In forestry, our priorities are equally questionable. We continue to focus on improving timber production by involving more women, but we have not adapted our standard operating and technical practices to reduce the harmful norms and behaviors that perpetuate or exacerbate inequalities for women, girls and other marginalized groups.

At the Regional Community Forestry Training Center for Asia and the Pacific, or RECOFTC, an international not-for-profit organization centered on policies for sustainable forest management, we believe in a world where people live equitably in and beside healthy forests. We work through community forestry, which goes beyond forests or wood production to include the rights, livelihoods and empowerment of women and other marginalized people.

Within forest landscapes, we contribute to meeting the guiding call of the 2030 Agenda for Sustainable Development to leave no one or the environment behind as development marches on.

If we truly want to meet the goals of the 2030 Agenda and turn the tide on the climate crisis, gender equality must be a fundamental objective within all forestry and environmental initiatives and investments. This is decades overdue.

All of us, governments, donors, nonprofit organizations and the partnerships we build, must work harder to achieve equality between the sexes in leadership, representation and access to and influence over the allocation of resources.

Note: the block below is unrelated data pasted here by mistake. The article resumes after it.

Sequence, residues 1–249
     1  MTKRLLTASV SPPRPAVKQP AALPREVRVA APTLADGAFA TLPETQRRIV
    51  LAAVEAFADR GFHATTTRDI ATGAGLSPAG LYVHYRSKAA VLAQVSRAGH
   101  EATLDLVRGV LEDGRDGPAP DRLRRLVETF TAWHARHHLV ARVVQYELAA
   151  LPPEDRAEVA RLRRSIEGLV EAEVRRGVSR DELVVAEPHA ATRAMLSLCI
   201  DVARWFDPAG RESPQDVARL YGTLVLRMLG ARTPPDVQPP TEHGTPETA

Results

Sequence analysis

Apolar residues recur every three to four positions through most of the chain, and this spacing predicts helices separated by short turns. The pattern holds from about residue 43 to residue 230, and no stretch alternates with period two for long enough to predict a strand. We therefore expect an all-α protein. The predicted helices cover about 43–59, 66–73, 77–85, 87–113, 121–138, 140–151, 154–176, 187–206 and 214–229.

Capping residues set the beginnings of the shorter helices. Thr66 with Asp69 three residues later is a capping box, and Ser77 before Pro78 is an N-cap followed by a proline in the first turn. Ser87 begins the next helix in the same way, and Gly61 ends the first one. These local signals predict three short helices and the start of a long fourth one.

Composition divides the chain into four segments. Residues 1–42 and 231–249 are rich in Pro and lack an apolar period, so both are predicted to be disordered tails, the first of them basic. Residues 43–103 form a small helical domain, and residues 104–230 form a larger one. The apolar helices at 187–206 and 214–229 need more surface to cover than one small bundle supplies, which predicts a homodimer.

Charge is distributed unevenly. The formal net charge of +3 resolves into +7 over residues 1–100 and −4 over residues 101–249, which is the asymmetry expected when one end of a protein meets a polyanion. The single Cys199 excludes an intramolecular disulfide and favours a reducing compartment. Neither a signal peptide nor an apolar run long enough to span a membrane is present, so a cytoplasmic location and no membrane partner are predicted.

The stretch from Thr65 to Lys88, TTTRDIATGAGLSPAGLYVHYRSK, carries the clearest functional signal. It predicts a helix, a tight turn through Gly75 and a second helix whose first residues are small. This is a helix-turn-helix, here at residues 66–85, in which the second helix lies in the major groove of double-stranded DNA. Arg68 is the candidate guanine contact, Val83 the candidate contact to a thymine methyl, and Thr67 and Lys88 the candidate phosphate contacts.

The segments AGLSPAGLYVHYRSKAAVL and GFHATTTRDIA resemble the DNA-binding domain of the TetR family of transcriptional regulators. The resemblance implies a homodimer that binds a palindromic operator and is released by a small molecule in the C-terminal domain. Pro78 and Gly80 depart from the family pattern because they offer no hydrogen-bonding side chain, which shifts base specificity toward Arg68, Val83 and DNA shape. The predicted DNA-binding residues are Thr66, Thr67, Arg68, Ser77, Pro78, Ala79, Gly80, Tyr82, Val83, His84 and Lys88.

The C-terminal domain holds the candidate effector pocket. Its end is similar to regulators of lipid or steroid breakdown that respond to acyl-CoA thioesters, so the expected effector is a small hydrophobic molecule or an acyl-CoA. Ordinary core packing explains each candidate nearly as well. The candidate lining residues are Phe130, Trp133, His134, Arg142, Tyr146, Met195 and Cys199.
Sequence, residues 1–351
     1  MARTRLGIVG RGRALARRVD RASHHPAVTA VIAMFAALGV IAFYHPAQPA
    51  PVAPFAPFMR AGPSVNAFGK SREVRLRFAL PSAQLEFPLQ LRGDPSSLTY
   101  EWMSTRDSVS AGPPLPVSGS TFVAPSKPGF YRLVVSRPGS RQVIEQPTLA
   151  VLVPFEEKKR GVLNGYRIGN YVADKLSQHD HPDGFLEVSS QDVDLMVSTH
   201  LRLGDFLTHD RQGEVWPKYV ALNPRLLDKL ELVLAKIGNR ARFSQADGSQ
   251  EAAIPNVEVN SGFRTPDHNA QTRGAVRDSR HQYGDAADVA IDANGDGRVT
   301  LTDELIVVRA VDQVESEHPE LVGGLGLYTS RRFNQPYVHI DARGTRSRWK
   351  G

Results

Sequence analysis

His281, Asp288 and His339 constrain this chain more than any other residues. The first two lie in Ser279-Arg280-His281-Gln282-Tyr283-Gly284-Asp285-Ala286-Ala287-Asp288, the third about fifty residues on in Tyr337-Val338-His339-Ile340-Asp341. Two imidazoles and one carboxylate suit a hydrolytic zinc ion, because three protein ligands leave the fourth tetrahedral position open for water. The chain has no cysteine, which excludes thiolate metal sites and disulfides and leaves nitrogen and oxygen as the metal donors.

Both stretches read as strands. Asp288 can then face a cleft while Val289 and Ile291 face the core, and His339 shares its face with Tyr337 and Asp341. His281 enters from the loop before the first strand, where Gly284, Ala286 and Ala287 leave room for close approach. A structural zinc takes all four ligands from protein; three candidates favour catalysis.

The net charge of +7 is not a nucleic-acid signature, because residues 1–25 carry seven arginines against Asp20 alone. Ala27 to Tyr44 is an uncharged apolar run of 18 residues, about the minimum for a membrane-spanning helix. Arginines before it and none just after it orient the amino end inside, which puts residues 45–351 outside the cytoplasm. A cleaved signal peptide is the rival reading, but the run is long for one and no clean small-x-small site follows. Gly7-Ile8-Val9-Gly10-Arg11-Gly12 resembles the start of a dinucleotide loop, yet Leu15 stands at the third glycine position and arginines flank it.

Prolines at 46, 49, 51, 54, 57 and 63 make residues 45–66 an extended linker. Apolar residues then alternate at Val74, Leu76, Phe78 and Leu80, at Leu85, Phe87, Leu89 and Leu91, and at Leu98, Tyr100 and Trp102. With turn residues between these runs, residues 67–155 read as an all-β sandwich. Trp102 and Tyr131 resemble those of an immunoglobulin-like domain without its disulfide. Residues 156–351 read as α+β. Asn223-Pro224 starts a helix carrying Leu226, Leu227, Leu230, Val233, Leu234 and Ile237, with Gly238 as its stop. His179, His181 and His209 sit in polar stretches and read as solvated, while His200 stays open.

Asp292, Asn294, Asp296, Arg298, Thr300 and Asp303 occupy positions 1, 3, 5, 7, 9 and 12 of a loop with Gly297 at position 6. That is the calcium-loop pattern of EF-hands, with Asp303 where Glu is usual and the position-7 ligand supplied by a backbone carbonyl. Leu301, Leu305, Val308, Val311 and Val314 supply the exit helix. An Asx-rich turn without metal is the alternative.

Governments and donors must finally provide sufficient investment of financial resources for this aim. Otherwise, the commitments of long ago and regularly reaffirmed will continue to ring hollow.

Between 2010 and 2014, according to data from the Organization for Economic Cooperation and Development, 31% of the $26 billion bilateral official development assistance for climate finance mentioned gender equality, but only 3% made gender equality a principle objective. We must do better.

The number of women included in training or in planting trees can no longer be an acceptable indicator of success. Money should only be invested in activities that increase income for women and other marginalized people and overcome the social barriers that constrain their leadership.

Finally, gender equality must become the core business of governments, development cooperation and investments in combating climate change. Recognizing that gender equality is the only way to move forward, governments and donors must ensure that their investments go to initiatives that change the social norms and behaviors that perpetuate inequality.

Equality between men and women and within economic strata will lead to more equitable resource management and healthier, more resilient forests. Increased women's participation will lead to improvements in local natural resource governance, conservation efforts, sustainable livelihoods and lives lived with security and dignity.

Kalpana Giri is a social-environmental specialist at RECOFTC, an international not-for-profit organization that supports policy and capacity building for equitable and sustainable forest management in the Asia Pacific region.